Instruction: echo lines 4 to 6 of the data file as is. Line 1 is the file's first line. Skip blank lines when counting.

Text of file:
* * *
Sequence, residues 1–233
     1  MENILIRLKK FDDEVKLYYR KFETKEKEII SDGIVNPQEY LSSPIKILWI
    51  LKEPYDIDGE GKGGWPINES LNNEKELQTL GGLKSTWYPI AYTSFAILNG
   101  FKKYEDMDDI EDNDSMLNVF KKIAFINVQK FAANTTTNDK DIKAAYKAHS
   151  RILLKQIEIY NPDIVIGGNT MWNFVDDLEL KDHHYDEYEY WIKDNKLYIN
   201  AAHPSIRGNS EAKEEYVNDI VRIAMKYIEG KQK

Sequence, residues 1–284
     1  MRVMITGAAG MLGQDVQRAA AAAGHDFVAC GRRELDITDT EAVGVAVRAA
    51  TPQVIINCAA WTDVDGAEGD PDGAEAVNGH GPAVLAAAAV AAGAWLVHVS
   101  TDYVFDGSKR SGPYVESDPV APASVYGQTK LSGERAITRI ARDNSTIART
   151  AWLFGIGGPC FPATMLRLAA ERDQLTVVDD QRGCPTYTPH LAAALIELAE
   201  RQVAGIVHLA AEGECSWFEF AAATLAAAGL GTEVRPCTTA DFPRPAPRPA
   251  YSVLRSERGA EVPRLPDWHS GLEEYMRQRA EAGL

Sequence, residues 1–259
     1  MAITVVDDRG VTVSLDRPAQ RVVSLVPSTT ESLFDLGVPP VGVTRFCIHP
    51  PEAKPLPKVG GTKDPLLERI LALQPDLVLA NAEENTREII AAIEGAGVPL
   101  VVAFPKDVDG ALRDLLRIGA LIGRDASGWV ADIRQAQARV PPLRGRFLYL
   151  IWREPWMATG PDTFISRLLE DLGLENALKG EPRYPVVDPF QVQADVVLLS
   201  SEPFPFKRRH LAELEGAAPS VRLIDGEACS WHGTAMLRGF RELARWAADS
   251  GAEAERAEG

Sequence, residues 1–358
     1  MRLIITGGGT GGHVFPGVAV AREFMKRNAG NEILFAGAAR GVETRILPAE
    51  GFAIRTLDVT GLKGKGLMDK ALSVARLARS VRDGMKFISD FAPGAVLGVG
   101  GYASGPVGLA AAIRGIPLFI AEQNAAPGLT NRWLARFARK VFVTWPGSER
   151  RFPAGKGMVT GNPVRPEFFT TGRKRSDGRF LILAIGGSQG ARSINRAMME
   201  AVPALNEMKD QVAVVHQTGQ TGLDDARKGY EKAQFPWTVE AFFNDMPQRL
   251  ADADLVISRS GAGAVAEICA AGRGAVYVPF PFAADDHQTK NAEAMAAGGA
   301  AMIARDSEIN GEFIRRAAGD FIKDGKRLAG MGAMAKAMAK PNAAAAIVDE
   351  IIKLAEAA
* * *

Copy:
   101  FKKYEDMDDI EDNDSMLNVF KKIAFINVQK FAANTTTNDK DIKAAYKAHS
   151  RILLKQIEIY NPDIVIGGNT MWNFVDDLEL KDHHYDEYEY WIKDNKLYIN
   201  AAHPSIRGNS EAKEEYVNDI VRIAMKYIEG KQK